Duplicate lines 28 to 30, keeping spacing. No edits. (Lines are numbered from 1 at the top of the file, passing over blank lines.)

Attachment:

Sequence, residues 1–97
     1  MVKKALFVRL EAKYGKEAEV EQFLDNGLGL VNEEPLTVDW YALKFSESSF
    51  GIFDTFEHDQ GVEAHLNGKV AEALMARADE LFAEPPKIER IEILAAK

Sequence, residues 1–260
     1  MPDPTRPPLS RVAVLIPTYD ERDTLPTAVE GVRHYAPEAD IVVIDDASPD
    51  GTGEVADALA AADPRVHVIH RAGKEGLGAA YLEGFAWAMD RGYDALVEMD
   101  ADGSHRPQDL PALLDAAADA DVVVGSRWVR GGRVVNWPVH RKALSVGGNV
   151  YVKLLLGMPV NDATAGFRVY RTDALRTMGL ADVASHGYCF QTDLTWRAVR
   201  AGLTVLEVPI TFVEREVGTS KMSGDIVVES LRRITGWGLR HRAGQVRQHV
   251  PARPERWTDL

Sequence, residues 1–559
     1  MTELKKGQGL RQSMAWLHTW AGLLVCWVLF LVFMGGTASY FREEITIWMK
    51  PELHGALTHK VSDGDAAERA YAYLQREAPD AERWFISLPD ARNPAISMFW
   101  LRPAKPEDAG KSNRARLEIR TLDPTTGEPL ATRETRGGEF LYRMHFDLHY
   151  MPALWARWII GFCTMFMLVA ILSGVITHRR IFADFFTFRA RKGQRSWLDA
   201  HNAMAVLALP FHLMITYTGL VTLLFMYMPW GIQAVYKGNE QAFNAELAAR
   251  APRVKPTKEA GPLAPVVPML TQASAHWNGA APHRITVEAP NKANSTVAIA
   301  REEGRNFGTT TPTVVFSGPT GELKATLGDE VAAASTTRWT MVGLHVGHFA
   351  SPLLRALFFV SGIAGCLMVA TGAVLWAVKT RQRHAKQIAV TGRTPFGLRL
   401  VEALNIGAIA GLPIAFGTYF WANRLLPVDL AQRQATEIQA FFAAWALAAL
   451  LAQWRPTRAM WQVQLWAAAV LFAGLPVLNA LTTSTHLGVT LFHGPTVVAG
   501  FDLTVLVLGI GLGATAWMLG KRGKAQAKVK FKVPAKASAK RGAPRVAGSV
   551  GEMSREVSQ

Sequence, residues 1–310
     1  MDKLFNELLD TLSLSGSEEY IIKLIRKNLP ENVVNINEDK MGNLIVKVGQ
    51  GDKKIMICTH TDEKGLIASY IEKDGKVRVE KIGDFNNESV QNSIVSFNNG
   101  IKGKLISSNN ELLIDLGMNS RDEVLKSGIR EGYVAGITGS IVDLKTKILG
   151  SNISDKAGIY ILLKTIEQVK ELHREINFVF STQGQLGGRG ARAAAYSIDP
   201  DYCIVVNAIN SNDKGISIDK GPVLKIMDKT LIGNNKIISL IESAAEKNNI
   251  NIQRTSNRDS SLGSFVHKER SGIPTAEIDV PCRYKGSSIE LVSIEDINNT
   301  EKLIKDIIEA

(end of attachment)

   151  SNISDKAGIY ILLKTIEQVK ELHREINFVF STQGQLGGRG ARAAAYSIDP
   201  DYCIVVNAIN SNDKGISIDK GPVLKIMDKT LIGNNKIISL IESAAEKNNI
   251  NIQRTSNRDS SLGSFVHKER SGIPTAEIDV PCRYKGSSIE LVSIEDINNT